“Stay quiet, marine. You will be OK. God is with us all this day.” — Father Vincent Capodanno, last words, spoken to a wounded marine on a battlefield in Vietnam 46 years ago in 1967. A few seconds later, Capodanno was shot and killed. On June 14 in Vietnam, not far from the spot where he died, a Mass was celebrated in his memory.
On June 14, something extraordinary happened in Vietnam. A Mass was celebrated by a Vietnamese bishop in memory of an American Marine chaplain, Father Vince Capodanno (photo), who was killed in Vietnam on September 4, 1967, at the age of 38. Capodanno was ordained a priest on June 14, 1958, so the Mass was celebrated in commemoration of the 55th anniversary of his ordination. And so, in a sense, the Mass, attended by Americans and Vietnamese Catholics, was a sign of peace, and perhaps also of healing, nearly a half century after the end of the Vietnam War.
The Mass was largely the result of an effort by an old friend, Captain Edward “Ted” Bronson, a career Navy officer, now retired, who believes Capodanno was a holy man who died a holy death, administering the last rites to wounded soldiers on the battlefield, and so ought to be canonized by the Church as a saint. Here are excerpts from an email Bronson just sent to me:
All went well. As magnificent and spiritual a Mass as you could pray for. About 500 attended. The bishop sat on the side, after opening remarks re Father Vincent Capodanno. Then came the procession of 15 celebrants. A high school choir of 38 “rang out” with English hymns. I did the first reading.
A reception followed for all, a Vietnamese food feast. Among the 500 were two bus loads of Que Chau villagers from two hours south. They exude pure, intense, single-focus faith. It seems as if, were they asked to give up their faith, instead they would join the earlier “martyrs of Vietnam.” This village Mass site was 2 km from the Que Son valley battlefield where Father Capodanno died with his fellow marines on the opening day of “Operation Swift” on 4 September 1967. It was the worst casualty day for our Marines in the war, as they were outnumbered 500 to 2000.
Father Capodanno’s death occurred 15 seconds after telling a wounded marine, “Stay calm marine. Some one will be with you shortly. God is with us this day.” He then went to the side of a corpsman who cried out for help and both were machine gunned to death. Father Capodanno was a true “Grunt Padre.”
Danang Bishop Joseph Tri told us afterwards, he will make this an annual 14 June Mass for the repose of the soul of Father Capodanno. The date is the anniversary of his ordination to the Maryknolls by Cardinal Spellman 55 years ago today.
‘Twas magic, Bob, and it was all your challenge at dinner after the Mass at Santa Susanna, Rome 21 May, 2012. I started with a blank piece of paper and went from there… with a measure of help from my guardian angel and Bishop Tri. Delighted to have participated.
Now in Saigon; fly out at 5 am; into DCA at 5:45 pm.
Thank you for your friendship and ‘till we meet again, very best.
The son of an Italian immigrant, Vincent Capodanno was the youngest of 10 children. He attended night classes at Fordham University and in 1949, confided to a close friend that he had felt a calling to the priesthood. Capodanno requested permission to join the Navy Chaplain Corps and serve the growing number of Marines arriving in Vietnam.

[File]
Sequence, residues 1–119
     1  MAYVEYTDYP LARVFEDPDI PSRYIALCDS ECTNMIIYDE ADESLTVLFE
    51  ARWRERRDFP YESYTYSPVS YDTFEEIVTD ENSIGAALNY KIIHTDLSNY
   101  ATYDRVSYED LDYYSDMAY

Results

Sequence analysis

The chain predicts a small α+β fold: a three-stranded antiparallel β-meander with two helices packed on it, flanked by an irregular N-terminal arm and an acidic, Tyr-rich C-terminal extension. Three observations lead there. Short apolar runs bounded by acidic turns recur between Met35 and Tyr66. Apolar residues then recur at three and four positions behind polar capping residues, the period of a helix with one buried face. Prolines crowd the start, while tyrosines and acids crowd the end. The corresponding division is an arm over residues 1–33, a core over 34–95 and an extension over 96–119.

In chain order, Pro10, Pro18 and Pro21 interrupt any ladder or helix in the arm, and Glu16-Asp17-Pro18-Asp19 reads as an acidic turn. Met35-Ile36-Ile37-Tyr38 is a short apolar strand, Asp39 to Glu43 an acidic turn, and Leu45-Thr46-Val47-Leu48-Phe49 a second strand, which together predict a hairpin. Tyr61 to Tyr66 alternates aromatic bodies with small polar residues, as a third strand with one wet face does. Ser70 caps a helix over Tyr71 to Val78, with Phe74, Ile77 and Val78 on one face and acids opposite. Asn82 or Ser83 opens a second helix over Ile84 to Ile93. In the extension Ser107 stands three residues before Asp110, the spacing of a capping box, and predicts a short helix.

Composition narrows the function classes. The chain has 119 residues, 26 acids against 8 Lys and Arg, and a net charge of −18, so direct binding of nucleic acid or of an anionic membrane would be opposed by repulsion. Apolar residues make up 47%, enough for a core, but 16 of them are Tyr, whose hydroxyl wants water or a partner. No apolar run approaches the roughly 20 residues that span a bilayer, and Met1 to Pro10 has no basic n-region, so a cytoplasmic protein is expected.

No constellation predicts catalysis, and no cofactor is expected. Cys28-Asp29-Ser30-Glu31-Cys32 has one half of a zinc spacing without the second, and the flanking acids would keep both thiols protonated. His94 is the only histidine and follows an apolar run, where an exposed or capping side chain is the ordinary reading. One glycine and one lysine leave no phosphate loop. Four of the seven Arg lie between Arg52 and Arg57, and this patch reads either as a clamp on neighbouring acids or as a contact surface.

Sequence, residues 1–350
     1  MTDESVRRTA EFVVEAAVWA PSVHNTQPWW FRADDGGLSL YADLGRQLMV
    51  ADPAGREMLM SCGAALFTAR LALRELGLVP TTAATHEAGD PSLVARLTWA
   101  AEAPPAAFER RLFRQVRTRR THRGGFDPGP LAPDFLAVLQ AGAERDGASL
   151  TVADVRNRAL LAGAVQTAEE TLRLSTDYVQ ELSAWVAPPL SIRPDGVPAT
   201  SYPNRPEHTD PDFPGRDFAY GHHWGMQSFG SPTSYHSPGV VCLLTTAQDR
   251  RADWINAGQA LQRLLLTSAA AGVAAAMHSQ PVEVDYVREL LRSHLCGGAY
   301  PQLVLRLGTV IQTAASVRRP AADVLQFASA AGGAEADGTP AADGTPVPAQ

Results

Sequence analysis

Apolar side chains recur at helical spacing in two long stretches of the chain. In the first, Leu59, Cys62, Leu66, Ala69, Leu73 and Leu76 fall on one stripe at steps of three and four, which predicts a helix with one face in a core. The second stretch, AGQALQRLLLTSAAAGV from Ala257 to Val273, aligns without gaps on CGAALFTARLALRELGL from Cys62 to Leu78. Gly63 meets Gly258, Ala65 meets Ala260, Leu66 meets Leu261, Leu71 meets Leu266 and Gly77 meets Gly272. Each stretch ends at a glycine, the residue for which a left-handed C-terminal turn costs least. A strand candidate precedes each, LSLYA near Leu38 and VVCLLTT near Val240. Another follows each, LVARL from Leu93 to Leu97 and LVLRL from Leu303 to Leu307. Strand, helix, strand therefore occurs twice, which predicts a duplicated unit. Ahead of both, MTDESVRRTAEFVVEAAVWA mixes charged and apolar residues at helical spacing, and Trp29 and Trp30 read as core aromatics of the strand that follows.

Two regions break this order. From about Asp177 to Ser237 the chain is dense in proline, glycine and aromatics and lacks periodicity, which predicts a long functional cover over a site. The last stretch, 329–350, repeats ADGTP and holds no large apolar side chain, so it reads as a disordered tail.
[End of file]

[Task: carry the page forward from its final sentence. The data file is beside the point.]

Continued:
The Reverend Daniel Lawrence Mode, author of The Grunt Padre, described his service to the Marines this way: “Father Capodanno became a spiritual comrade by removing all distinctions and obstacles between his grunts and himself… He lived, ate, and slept as the men did… Grunts recall the Grunt Padre leaping out of a helicopter in the midst of battle, blessing the troops, serving the Eucharist to the Catholics, and then leaping into a chopper heading off to another corner of active conflict… He remained at the side of the dying, present until the end, rather than let any man die alone.”
In September 1967, the 2nd NVA Division moved into the Que Son Basin, south of Da Nang. Operation Swift began when elements of the 5th Marines were attacked in the early morning hours of September 4, southwest of Thang Binh. Father Capodanno left the relative safety of the command post and, as his Medal of Honor citation describes, “ran through an open area raked with fire, directly to the beleaguered platoon. Disregarding the intense enemy small-arms, automatic weapons, and mortar fire, he moved about the battlefield administering last rites to the dying.” Capodanno went to the side of Sergeant Lawrence Peters. He recited the Lord’s Prayer with him. After Peters died, he moved to comfort Corporal Ray Harton. He cradled the young corporal’s head and blessed the wounded Marine with his left hand, saying, “God is here with us, Marine, and help is on the way.”
As the fighting raged, Father Capodanno saw a young lance corporal giving aid to a wounded corpsman who was in danger of bleeding to death from a thigh wound. As the priest moved toward the wounded man, an enemy machine gunner set up his weapon no further than 15 meters away. Father Capodanno gathered the corpsman in his arms and used his own body to shield the wounded man from enemy fire. He was struck and killed instantly, 27 bullets piercing his body. He was posthumously awarded the Medal of Honor.
Let us remember the sacrifices of so many, and the sacrifice of Father Vincent Capodanno.